Who knew an American city could be — essentially — wiped out?
I confess I was someone who typically looked at the horror of the earthquakes and floods and wreckage from such things elsewhere, who felt compassion for the souls caught up in such devastation — but was sure the obliteration we witnessed taking place around the world, say with the tsunamis, couldn’t really happen here.
Not because I foolishly thought we had any protection from such natural disasters. But because I believed that American technology, top-notch planning, first-responders and, yes, plain old wealth, would typically protect us from the worst fallout of natural disasters _ even when a city lay below sea level.
In fact, that has often been the case _ but not this time.
And so New Orleans lies under many feet of water, and the Gulf Coast is devastated.
Forget the “blame game.” I’m left to look at my little family, my four young children, to find concrete ways my kids and I can help the victims of Hurricane Katrina, and then I’m left to figure out how I can encourage my children to live in a world in which a city can be wiped out _ if only for a time _ in the United States of America in 2005. Not from a terrorist attack, but from nature itself.
Talk about a wakeup call.
I think so often we Americans believe we can protect our kids from the vagaries, the adversity of life. It may not come to our children in the form of a broken city. It may come in the form of a broken body, a broken family, or a broken spirit for any number of reasons.
And yet, we parents tend to think we can protect them from such things. Live in the “right” neighborhood, get the children off to a good pre-school, cram them with great after-school activities, get them on the road to that Ivy League college, keep the “wrong” friends and the “wrong” culture from getting in _ and we make them safe, right?
I’ve certainly been guilty of thinking along such lines.
What happened in New Orleans just makes manifest what was and is still always the case for each of us _ we can do all those “right” things, and still find our lives turned upside-down in an instant.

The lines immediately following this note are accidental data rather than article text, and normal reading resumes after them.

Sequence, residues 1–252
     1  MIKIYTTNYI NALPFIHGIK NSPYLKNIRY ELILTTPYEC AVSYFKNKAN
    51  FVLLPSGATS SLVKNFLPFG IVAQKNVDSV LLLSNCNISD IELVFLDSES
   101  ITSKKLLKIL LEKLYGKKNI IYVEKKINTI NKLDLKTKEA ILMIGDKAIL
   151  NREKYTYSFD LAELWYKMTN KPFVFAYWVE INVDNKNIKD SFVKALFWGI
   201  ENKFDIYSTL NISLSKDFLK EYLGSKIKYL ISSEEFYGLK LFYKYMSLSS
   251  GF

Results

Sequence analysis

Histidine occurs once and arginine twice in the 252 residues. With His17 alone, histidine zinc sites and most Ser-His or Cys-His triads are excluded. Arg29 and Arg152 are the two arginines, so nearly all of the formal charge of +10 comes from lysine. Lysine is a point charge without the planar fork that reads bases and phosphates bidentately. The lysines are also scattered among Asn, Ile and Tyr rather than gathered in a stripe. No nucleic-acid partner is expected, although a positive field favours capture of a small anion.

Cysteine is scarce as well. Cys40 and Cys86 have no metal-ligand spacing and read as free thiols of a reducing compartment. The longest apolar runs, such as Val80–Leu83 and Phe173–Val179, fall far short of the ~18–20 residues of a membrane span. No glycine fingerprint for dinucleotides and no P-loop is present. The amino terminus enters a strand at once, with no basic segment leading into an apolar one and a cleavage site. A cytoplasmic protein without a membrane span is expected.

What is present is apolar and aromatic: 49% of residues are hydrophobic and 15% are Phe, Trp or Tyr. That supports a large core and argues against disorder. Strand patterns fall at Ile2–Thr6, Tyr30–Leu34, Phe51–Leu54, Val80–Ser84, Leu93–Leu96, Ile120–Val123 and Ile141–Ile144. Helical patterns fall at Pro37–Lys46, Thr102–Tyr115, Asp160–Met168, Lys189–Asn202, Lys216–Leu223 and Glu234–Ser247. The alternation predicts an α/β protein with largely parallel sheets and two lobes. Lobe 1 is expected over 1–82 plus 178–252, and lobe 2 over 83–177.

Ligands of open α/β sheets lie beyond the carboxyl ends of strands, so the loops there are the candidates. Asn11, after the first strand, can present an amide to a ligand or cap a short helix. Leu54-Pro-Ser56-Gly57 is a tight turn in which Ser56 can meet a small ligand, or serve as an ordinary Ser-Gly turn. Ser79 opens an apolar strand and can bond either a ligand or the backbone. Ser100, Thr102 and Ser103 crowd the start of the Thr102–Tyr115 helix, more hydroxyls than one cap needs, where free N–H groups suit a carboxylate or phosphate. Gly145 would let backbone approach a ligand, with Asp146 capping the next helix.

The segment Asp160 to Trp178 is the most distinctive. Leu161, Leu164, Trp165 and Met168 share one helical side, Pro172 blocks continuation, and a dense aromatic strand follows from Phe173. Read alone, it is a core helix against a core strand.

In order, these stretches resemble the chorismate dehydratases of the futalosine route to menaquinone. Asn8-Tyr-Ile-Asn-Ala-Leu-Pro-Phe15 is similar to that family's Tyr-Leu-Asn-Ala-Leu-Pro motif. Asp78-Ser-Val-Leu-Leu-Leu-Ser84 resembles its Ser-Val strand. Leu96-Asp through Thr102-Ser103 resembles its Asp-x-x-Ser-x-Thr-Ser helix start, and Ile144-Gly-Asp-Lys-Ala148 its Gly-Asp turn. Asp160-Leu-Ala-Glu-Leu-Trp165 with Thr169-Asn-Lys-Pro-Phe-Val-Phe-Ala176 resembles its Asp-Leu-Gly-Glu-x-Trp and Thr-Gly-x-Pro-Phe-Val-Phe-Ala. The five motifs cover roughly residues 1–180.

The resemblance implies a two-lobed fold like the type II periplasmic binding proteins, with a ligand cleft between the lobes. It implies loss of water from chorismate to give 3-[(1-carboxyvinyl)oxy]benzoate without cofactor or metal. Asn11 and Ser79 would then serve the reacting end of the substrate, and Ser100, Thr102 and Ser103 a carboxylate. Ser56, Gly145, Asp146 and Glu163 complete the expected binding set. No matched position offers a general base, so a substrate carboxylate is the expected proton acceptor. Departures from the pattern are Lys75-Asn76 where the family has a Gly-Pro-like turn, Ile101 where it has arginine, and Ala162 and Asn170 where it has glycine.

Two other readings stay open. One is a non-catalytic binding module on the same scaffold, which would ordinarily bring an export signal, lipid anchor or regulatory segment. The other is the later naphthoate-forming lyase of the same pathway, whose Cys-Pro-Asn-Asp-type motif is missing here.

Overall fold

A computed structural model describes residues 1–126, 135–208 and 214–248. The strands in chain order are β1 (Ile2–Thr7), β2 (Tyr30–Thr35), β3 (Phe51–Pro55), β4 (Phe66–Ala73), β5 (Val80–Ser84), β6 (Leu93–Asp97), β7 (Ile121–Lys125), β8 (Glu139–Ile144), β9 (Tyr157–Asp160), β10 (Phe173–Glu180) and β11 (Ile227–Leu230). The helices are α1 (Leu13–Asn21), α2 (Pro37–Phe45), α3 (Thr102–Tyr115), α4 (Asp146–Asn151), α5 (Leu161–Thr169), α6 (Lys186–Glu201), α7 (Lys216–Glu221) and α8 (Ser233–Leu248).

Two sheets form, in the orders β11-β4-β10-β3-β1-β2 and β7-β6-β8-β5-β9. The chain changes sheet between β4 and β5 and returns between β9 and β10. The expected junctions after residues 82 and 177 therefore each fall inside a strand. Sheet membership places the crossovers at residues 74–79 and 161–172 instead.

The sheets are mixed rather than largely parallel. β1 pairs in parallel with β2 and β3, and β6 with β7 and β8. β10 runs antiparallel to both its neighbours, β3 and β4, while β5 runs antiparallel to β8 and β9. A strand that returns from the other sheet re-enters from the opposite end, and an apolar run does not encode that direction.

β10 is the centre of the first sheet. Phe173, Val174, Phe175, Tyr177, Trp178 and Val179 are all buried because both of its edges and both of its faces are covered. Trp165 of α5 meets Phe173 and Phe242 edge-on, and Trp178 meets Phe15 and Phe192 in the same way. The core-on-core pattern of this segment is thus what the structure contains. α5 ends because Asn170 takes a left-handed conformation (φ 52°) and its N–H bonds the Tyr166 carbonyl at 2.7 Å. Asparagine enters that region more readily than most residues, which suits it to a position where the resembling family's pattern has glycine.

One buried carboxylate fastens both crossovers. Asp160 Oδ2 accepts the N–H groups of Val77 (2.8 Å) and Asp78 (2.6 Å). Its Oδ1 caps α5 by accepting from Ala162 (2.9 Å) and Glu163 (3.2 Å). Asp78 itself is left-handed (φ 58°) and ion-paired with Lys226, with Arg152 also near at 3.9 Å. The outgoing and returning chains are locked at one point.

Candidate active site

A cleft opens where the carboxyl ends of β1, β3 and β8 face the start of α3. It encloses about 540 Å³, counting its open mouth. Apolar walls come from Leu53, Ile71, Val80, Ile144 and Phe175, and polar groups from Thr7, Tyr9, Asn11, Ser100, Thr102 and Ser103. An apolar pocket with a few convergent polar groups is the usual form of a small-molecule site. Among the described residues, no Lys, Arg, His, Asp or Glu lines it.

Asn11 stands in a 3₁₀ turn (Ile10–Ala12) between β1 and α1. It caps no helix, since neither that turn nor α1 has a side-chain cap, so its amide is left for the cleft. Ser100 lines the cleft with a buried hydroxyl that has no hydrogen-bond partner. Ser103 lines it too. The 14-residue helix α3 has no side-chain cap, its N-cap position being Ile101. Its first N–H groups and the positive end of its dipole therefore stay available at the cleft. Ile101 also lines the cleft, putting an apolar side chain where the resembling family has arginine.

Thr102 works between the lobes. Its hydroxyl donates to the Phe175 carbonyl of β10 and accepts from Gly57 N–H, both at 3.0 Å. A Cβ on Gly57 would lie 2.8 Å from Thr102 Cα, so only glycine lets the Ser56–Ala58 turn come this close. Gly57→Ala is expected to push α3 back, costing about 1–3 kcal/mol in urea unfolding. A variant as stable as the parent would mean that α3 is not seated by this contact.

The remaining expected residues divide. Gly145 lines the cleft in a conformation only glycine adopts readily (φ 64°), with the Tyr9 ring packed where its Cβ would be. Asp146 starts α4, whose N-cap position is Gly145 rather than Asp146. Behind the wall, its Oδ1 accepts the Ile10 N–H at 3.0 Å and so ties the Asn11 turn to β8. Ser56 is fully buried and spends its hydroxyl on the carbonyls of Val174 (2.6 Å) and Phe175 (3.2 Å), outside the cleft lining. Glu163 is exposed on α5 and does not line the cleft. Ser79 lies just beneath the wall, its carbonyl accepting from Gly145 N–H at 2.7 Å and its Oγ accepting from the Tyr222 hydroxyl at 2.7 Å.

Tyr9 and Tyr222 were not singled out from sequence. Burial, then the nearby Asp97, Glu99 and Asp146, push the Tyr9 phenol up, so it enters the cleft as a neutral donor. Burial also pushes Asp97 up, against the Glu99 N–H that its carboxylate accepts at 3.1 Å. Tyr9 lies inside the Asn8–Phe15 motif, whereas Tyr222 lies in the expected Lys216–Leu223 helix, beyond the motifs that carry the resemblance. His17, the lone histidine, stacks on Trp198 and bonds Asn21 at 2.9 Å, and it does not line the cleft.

What has struck me most in the midst of the Katrina catastrophe is not just the question of what can I give to the victims today _ but the larger question, for me, of what can I give my own kids for a lifetime to help them weather whatever adversity might come their way?
The answer is one that has nothing to do with wealth or education or “position.”
I’m reminded of Bruce Ismay, the president of the White Star Line, who was on his ill-fated Titanic when it sank on its maiden voyage. Contrary to popular myth, he didn’t take a seat on a lifeboat from a woman or child. But by jumping into an empty seat at the last moment and after the “women and children first” order had gone out, he risked causing a break in the ranks that could swamp lifeboats. For a number of reasons related to the Titanic sinking, he got to New York alive, but spent the rest of his life in disgrace. His character, formed over a lifetime, showed its true colors on that night.
Fast forward to Sept. 11, 2001, and United Airlines Flight 93 _ Todd Beamer and his comrades on that ill-fated vessel showed how their characters had also been trained over a lifetime. They stormed the cockpit of that flight hoping to do whatever was right _ whatever the cost to themselves. They saved untold lives on the ground.
Hurricane Katrina has reminded me of what is always true _ we live in an uncertain, unstable world and what we rely on can change in an instant. I can do everything “right” and still not protect my children from that reality.
What I can do, what I must do, is seek daily to develop in my children a character that will rightly guide, instruct and ultimately strengthen them _ whatever an uncertain world brings to them.
(Betsy Hart is the author of “It Takes a Parent: How the Culture of Pushover Parenting is Hurting Our Kids _ and What to Do About It.” She can be reached at www.betsyhart.net.)